The new $14-million East ParkCenter Boulevard Bridge in Boise will provide a new access to East Boise and Barber Valley for pedestrians and motor vehicles.
Adam Zaragoza, Ada County Highway District project manager, says the bridge will allow easier access to recreation opportunities at Lucky Peak Reservoir and beyond. The four-lane bridge connects ParkCenter Boulevard and Warm Springs Avenue and includes sidewalks, bike lanes and greenbelt connections. McAlvain Group of Cos. of Boise was the general contractor on the project.
After more than three decades from conception to completion, the bridge opened on Sept. 29, two months earlier than planned. It should ease traffic on Warms Springs Avenue between downtown Boise and Harris Ranch, a 3,000-home subdivision with an expected built-out during the next 10 years.
“This bridge represents the culmination of a community vision for southeast Boise and the Barber Valley, a vital new transportation connection for decades to come,” says Carol McKee, president of the Ada County Highway District Commission.
Zaragoza says the project had several interesting aspects. “We had to consider the noise created by the pile driving, local bald eagle and blue heron colonies and the delivery of the massive girders to the site,” he says.
The project consists of a 440-ft, two-span bridge over the Boise River; a 104-ft, single-span bridge across the walling ditch; and a 36-ft, single-span pedestrian bridge across Logger’s Creek.
“Pile driving is noisy, so during the school year, we coordinated with the principal of the local elementary school and (initially) put a restriction on the work from 4 p.m. to 8 p.m., limiting us to one or two a day,” Zaragoza says. “As it turned out, the school faculty said that the operation was far enough away that noise was not an issue. That worked out well because the neighborhood wanted it done quickly, so we got a waiver from the principal and worked nonstop during the day.”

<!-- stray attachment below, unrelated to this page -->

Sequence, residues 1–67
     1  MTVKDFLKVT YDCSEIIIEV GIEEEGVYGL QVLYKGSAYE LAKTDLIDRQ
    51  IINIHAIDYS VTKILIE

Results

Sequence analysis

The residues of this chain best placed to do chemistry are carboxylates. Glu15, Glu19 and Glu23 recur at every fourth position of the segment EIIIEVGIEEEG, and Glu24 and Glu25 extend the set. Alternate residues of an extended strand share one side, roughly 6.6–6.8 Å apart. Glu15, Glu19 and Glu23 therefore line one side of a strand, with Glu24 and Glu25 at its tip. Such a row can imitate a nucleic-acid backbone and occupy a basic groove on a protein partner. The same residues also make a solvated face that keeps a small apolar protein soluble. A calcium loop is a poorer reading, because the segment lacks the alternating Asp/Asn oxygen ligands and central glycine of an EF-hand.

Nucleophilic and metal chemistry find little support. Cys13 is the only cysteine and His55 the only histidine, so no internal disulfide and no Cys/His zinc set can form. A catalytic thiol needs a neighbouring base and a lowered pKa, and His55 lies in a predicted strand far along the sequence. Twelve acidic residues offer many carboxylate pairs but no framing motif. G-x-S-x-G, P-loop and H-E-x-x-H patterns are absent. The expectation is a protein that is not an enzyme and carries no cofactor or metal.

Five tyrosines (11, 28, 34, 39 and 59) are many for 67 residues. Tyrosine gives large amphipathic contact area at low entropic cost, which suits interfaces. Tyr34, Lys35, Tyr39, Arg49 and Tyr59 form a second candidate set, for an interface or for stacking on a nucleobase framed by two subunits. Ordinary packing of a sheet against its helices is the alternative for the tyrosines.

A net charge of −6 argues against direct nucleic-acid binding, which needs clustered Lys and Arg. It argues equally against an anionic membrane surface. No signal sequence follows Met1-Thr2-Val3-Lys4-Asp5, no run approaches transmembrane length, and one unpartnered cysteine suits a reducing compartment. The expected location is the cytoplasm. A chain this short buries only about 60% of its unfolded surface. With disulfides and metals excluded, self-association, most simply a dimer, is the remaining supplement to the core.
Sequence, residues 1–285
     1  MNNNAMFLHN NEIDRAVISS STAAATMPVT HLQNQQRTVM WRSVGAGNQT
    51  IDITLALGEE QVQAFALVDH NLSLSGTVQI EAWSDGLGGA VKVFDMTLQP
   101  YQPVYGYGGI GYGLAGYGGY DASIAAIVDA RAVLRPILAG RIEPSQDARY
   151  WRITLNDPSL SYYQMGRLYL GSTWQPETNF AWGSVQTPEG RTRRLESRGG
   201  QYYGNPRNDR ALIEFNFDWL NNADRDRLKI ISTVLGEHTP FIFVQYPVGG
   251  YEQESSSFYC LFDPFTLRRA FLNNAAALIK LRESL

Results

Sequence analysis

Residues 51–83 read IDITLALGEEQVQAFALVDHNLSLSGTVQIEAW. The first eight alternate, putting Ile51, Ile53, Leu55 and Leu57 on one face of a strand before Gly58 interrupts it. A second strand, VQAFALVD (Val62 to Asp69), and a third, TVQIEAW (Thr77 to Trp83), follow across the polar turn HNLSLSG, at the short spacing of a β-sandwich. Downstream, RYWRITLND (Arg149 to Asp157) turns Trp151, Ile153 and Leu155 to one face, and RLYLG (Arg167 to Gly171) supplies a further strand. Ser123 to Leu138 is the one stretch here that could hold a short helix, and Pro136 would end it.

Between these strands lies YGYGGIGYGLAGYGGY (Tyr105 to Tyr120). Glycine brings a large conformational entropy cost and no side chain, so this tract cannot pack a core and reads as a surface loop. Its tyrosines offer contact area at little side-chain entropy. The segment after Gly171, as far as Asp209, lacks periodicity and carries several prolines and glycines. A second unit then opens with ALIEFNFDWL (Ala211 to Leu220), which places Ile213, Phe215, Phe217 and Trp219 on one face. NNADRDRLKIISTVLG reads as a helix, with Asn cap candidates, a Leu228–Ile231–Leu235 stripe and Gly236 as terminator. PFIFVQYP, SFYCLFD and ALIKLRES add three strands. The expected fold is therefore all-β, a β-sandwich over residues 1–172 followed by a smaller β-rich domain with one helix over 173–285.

CH2M Hill’s Boise office designed the main bridge over the river, and HDR Engineering Inc. of Boise designed the two smaller bridges. Kim Nokes, CH2M Hill project manager, says bald eagle and great blue heron monitoring was a part of the project, and that impacted construction timeframes.
Nokes says one of the project goals was to make the bridge’s aesthetics pleasing to the community—both pedestrian and wildlife. “We utilized a design concept called Context Sensitive Solutions, where you work within the context of your surroundings,” Nokes adds. “That meant we had to consider the trail system for the pedestrians and the habitat for wildlife.”
Urban and Rural
Located on the south side of the river is a development with stores, restaurants and offices. On the north side are wetlands and other undeveloped areas. The design process focused on blending these urban and natural environments.
East ParkCenter River Crossing
Owner: Ada County
General Contractor: McAlvain Group of Cos.
Design Firm: CH2M Hill, Sub consultant: HDR
Start: May 2008
Finish: Sept. 2009
Delivery of the massive girders provided the biggest logistical problem. Delivery took place in the middle of the night to avoid traffic-safety issues, so traffic restrictions were implemented from 4 to 7 a.m. on delivery days for the 24 144-ft-long bridge supports.
The girders are 9 ft tall and 32 in. wide and weigh approximately 73,000 lbs each. Once they arrived at the site, the massive beams had to be backed into position. “The girders are long because they will span the entire river without having to place a pier in the river itself,” Zaragoza says. “They are also long enough to accommodate the river overflow channel in the event of a 100-year flood.”
Boise Mayor David Bieter says of the project: “By providing easier access to the Barber Valley, the East ParkCenter bridge will encourage new residential and commercial development close to Boise’s employment center, helping our community avoid the negative environmental impacts caused by sprawl-type growth. This new bridge is a good example of how transportation and land-use planning can be integrated to promote both economic development and sustainable environmental practices.”